Marjory Darrow

by Bliss Carman

Introduction by D.M.R. Bentley


 

 

Introduction


 

"As for 'Marjory Darrow,' it's damn fine,—but don't do it again," Charles G.D. Roberts told Bliss Carman on September 26, 1892:

It is the sort of thing that, done once supremely well, as you have done it ..., is enchanting. But more in a similar line would seem like mannerism, and weaken the effect ... I wonder if I make my feeling clear in the matter! There is, however, one verbal blemish on the poem, which I think a serious one. It is in the second line. I don't like Marjory's "perfect cheek." How would "consummate gall" do instead? ... I know this is most exasperating criticism,—but that line is just the one that the Philistines would delight to worry! There is no use giving them occasion to make merry, as the line does not seem to me in any way one of your inevitable ones! (154)

Roberts was right to worry about the reception of "Marjory Darrow": after it was published in The Independent (New York) on September 1, 1892, it was reprinted in The Week (Toronto) on September 30, 1892 amid a small storm of controversy that probably accounts for the fact that Carman shied away from including it in any volume or collection of his poems. Prominent among the features of the poem that irked readers of the day were its obscure narrative and varying refrain. Largely ignored were its large debts to the poetry of the Pre-Raphaelites, especially William Morris, and to Walt Whitman, particularly "When Lilacs Last in the Dooryard Bloom'd" (and, hence or in tandem to the American nature writer John Burroughs). A discussion of the controversy and its implications can be found in D.M.R. Bentley, The Confederation Group of Canadian Poets, 1880-1897 (2004).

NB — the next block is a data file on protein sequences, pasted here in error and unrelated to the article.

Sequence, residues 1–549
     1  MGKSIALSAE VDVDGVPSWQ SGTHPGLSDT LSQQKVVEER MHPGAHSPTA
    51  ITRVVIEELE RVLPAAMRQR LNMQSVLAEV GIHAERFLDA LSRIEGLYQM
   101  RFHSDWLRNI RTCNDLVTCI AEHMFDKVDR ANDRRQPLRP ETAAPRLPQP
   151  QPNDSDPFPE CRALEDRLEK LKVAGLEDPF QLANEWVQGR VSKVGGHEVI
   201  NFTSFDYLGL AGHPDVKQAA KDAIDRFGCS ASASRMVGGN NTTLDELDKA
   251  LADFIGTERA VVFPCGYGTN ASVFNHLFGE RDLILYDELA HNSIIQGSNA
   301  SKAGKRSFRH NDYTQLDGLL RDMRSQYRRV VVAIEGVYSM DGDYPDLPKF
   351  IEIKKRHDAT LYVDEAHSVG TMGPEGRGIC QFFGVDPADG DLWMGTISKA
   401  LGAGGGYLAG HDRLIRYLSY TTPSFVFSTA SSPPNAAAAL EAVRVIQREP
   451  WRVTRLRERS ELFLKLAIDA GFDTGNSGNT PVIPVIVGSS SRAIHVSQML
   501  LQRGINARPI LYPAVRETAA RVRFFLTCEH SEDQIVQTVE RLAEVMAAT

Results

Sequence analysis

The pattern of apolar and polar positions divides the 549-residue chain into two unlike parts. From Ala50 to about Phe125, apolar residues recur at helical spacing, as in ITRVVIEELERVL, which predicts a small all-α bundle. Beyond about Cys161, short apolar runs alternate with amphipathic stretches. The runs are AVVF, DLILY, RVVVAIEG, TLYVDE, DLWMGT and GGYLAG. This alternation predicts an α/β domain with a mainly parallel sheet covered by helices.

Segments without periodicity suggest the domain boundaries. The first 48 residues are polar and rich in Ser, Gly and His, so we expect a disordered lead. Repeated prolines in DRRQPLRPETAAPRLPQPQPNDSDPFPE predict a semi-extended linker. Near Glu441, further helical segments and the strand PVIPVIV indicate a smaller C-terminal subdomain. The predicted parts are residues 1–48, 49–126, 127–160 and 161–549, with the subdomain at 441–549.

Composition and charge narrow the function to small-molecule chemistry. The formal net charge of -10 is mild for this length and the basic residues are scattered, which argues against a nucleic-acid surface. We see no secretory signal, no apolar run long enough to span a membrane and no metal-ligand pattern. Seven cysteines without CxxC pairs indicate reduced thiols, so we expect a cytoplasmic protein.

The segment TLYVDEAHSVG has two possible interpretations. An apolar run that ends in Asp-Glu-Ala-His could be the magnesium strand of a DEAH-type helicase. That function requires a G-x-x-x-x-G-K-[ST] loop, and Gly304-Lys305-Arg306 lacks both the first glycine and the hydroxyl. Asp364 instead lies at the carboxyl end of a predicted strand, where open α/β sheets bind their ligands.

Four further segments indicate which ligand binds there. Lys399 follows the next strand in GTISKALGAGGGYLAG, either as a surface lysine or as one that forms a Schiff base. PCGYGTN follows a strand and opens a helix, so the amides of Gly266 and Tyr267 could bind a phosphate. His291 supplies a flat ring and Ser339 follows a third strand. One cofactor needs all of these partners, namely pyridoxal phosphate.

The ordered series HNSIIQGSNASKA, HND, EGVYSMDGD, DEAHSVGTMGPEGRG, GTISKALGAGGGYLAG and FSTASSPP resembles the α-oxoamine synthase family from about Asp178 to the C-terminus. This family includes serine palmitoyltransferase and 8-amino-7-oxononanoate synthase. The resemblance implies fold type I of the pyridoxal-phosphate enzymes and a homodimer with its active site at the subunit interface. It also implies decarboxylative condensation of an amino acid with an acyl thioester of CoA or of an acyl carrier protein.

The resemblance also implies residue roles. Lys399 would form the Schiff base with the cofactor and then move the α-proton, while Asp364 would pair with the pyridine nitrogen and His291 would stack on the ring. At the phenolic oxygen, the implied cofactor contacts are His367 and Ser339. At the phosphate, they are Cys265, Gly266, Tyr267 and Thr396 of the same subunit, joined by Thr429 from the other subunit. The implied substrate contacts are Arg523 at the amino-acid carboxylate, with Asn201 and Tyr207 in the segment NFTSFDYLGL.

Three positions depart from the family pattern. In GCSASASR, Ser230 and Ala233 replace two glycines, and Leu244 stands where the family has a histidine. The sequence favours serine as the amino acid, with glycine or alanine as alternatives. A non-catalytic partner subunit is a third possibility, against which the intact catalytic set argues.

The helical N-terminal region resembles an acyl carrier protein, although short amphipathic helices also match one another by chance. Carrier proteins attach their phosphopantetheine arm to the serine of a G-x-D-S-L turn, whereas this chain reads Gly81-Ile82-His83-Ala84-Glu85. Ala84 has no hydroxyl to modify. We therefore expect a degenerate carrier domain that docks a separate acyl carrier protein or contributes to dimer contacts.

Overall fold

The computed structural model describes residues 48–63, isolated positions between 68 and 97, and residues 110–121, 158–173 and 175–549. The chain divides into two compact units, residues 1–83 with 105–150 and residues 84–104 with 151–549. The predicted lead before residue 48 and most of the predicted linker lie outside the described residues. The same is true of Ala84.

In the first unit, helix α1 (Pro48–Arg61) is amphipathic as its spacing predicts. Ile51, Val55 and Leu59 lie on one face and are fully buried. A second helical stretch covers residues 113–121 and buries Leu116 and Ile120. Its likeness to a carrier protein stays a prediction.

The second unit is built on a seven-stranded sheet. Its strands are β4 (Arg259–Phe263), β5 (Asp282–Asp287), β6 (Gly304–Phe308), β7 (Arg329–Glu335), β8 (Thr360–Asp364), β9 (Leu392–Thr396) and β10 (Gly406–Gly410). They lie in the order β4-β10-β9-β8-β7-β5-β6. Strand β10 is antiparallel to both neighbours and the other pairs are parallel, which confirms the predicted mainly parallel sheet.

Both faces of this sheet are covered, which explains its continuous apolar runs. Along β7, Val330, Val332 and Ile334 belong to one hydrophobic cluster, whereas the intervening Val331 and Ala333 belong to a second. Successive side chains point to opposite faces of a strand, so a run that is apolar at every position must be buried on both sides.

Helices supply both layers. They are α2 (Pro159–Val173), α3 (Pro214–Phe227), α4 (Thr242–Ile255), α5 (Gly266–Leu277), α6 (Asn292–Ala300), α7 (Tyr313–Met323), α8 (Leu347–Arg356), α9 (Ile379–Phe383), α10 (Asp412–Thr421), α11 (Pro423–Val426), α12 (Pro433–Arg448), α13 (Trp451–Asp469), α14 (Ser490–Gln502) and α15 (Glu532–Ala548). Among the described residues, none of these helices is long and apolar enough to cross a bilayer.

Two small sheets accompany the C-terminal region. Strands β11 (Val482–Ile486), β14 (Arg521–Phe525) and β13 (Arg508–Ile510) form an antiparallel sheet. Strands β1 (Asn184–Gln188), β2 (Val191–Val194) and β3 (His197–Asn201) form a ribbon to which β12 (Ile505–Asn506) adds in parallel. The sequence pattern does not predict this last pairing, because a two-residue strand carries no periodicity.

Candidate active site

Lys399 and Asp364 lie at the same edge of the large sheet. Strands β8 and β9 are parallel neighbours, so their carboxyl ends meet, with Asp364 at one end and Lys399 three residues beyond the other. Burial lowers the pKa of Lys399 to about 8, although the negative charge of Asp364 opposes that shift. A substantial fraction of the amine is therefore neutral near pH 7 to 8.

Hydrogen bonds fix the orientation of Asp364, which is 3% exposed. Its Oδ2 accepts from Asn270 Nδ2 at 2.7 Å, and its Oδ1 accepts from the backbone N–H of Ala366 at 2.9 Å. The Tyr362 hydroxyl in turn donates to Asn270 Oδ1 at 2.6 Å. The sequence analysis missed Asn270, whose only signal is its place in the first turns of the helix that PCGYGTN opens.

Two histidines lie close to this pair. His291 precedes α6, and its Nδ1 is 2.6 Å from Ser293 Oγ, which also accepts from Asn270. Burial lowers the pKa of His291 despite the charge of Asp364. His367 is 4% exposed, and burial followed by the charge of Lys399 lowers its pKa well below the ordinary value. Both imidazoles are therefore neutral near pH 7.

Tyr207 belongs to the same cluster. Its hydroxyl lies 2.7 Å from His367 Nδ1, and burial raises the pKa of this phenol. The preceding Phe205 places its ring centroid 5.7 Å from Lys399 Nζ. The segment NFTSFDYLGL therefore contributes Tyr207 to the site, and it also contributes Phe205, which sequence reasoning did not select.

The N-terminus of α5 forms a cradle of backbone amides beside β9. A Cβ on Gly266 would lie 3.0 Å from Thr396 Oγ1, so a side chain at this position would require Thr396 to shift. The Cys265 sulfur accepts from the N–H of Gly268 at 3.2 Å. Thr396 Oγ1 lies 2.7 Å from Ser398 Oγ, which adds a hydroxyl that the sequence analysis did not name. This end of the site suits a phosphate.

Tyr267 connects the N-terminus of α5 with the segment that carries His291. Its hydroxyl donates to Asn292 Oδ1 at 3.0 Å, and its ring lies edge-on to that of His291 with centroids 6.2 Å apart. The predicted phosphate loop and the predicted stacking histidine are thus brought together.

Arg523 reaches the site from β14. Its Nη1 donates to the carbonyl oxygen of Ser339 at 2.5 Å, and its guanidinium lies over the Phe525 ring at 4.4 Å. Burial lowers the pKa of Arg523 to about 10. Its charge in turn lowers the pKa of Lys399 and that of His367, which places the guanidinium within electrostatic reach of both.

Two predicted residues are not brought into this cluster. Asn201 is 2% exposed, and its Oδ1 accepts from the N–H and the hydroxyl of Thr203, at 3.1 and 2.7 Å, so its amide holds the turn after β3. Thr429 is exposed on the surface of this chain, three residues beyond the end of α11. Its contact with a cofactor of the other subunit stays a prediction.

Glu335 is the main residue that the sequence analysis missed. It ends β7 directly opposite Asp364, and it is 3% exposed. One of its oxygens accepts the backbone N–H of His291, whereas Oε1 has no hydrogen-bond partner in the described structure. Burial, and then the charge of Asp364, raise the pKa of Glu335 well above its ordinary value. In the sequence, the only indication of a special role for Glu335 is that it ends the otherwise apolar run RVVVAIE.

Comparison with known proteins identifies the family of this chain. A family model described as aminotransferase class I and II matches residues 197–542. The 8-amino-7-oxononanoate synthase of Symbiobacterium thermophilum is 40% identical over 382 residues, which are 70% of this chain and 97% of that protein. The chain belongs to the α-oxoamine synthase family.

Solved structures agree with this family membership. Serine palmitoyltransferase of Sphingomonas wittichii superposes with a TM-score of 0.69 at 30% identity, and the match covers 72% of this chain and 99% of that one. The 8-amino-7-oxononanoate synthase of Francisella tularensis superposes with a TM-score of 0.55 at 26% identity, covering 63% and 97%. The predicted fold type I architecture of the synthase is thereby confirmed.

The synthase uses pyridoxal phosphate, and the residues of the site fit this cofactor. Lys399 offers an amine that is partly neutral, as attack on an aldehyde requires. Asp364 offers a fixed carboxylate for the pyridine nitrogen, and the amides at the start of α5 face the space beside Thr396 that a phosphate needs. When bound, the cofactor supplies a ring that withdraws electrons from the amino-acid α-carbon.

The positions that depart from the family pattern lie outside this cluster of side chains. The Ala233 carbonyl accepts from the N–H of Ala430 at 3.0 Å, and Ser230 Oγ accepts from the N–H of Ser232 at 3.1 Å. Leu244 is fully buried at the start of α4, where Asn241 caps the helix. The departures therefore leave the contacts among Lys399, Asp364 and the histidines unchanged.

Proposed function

The present text of "Marjory Darrow" is taken from The Independent (September 1, 1892).


Works Cited in the Introduction

Bentley, D.M.R. The Confederation Group of Canadian Poets, 1880-1897. Toronto: U of Toronto P, 2004.

Roberts, Charles G.D. Collected Letters. Ed. Laurel Boone. Fredericton: Goose Lane, 1989.